I told this story a little while ago, but I’m going to put it here again, because I don’t have any other story that’s half as good for this prompt.
The year my parents separated, there were suddenly two houses and two Christmas trees. And only one of me.
That Christmas was grim, but one thing was worth doing, and has stuck: I bought two identical tree ornaments, one for each of my parent’s Christmas trees. I couldn’t be in two places at once, but I could at least show that I wished I could be.
Over the years, I’ve expanded the practice, and now send tree decorations to both of my parents, the two of my brothers who have moved out, and my in-laws, as well as keeping one for our own tree – so even when I can’t be with someone for Christmas, there can be something of me there.
Sometimes I’ve made decorations. Sometimes I’ve bought several identical ones. Sometimes I’ve got a set and split it up. Glass angels, laser-cut wooden dragons from Ljubljana, crystal stars, iridescent hummingbirds… This year I’ve been threading gorgeous faceted glass beads onto thick silver-plated wire and bending it into abstract spirals. This tradition, born of one of the most painful experiences of my life, has become one of the preparations that I most enjoy.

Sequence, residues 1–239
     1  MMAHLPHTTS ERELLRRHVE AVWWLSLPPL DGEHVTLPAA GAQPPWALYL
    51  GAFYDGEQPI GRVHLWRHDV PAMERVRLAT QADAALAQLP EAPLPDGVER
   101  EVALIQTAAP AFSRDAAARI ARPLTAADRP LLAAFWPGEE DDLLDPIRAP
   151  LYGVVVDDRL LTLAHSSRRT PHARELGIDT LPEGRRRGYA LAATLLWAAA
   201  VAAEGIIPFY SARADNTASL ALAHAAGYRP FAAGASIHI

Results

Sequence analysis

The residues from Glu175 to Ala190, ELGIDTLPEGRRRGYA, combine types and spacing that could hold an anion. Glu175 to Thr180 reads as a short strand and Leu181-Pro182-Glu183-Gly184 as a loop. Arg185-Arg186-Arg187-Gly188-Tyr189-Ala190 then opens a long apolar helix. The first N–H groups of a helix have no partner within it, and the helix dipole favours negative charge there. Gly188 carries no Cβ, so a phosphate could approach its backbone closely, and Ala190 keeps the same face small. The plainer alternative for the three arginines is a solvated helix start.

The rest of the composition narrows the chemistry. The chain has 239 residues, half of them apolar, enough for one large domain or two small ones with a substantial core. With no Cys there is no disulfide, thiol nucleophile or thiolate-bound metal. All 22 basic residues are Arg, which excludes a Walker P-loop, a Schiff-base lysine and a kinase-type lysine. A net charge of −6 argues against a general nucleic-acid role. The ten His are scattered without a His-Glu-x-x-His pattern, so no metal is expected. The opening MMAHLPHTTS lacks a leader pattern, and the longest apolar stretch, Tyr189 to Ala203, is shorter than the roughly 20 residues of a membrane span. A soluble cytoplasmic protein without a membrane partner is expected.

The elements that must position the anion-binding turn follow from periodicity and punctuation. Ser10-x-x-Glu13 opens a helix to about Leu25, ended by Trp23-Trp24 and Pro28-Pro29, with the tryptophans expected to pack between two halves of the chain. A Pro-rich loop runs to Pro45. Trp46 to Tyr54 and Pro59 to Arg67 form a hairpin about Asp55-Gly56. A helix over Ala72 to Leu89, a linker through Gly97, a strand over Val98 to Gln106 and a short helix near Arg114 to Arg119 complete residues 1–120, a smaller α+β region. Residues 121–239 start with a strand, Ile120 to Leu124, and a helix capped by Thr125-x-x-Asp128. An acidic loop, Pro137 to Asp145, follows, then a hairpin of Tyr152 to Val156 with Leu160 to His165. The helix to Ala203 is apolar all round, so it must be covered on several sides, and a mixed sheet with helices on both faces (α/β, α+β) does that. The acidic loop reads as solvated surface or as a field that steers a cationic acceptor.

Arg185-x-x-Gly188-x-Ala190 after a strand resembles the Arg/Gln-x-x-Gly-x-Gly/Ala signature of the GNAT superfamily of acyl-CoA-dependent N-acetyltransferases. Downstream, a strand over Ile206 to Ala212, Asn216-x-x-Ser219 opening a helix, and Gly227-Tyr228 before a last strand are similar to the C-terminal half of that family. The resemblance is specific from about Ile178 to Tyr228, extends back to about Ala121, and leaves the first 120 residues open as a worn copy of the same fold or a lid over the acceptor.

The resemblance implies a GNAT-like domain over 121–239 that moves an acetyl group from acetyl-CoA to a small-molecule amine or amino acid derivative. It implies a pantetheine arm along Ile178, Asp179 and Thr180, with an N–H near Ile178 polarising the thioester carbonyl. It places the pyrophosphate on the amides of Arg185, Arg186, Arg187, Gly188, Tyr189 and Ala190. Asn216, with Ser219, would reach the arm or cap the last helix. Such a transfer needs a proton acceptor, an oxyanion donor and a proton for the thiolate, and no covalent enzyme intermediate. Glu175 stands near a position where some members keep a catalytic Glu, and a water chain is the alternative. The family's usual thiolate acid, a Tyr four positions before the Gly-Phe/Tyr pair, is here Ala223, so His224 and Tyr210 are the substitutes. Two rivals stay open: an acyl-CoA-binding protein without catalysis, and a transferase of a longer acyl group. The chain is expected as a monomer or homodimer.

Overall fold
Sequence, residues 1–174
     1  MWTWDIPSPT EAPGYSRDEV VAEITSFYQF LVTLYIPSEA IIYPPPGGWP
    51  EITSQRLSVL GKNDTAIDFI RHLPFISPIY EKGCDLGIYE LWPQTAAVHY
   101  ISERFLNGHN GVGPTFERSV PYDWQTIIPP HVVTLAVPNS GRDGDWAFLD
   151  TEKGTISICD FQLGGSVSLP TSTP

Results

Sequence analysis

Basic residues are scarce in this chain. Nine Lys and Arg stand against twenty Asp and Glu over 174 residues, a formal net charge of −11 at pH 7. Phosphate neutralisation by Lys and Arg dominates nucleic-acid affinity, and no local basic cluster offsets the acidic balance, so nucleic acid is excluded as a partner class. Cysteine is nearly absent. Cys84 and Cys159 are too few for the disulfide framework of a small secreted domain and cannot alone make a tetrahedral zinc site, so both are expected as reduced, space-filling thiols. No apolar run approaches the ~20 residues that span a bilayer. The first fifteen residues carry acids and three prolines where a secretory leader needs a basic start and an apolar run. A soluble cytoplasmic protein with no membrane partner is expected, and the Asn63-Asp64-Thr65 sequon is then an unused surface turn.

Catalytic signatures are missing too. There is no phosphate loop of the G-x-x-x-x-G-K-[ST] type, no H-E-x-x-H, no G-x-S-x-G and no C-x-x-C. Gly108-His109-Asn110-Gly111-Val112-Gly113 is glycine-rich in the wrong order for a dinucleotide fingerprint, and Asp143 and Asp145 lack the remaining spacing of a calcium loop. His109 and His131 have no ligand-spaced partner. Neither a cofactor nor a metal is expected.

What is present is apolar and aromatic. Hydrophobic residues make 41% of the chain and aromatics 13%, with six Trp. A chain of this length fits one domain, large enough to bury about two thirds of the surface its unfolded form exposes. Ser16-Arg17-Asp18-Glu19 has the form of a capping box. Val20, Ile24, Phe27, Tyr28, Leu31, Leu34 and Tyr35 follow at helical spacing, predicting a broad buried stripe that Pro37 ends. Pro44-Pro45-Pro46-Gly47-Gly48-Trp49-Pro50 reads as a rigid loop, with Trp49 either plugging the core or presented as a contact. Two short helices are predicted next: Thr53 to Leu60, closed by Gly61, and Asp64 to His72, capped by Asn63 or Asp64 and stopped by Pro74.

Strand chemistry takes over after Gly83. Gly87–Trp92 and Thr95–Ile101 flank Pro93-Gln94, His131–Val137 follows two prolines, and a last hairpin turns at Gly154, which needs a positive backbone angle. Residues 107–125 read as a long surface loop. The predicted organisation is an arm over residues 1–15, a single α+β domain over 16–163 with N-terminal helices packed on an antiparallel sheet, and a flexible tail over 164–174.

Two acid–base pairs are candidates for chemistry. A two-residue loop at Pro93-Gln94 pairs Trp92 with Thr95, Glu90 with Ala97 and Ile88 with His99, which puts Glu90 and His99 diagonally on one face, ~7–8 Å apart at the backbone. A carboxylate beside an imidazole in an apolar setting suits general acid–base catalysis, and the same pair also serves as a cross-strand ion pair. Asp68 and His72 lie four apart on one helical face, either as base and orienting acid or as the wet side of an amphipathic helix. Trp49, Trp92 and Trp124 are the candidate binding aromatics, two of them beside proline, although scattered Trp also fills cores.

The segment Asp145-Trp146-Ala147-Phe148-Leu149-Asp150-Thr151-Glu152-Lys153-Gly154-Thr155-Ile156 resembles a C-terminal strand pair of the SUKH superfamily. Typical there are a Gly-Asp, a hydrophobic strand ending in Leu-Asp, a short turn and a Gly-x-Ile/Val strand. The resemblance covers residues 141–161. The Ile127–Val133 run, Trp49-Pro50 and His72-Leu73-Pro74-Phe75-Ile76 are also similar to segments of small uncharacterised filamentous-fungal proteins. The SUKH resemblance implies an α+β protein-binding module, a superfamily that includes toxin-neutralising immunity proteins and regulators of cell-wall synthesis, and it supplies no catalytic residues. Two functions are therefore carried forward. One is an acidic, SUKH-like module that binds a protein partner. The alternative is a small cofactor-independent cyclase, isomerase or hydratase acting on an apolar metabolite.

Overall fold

This year, it’s a particular blessing. I don’t need to think of something new in a year that’s already had more than enough strangeness. I already have this way of letting people know that I’d like to be with them and acknowledging that I can’t. My family is large and far-flung: we would never have got everybody in the same place anyway. (All the same, maybe we’ll give that a go next year! In the meantime, I’ll wrap these little ornaments up and put them in the post…)